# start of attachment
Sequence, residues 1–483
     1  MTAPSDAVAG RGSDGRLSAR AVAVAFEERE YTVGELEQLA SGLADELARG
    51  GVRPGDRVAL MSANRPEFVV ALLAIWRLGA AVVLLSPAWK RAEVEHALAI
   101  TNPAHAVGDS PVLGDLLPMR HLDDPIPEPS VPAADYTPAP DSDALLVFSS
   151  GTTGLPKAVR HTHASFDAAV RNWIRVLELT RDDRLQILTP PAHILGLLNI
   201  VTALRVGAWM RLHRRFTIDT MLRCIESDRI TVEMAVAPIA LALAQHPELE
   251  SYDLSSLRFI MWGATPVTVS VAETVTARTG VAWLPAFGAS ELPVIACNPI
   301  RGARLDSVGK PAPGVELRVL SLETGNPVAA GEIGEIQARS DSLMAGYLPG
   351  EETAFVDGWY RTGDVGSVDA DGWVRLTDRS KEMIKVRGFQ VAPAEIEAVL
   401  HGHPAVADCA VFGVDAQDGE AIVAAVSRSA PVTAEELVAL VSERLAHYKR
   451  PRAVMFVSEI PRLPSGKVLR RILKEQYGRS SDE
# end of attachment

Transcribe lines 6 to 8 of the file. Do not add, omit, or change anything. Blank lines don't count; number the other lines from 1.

   201  VTALRVGAWM RLHRRFTIDT MLRCIESDRI TVEMAVAPIA LALAQHPELE
   251  SYDLSSLRFI MWGATPVTVS VAETVTARTG VAWLPAFGAS ELPVIACNPI
   301  RGARLDSVGK PAPGVELRVL SLETGNPVAA GEIGEIQARS DSLMAGYLPG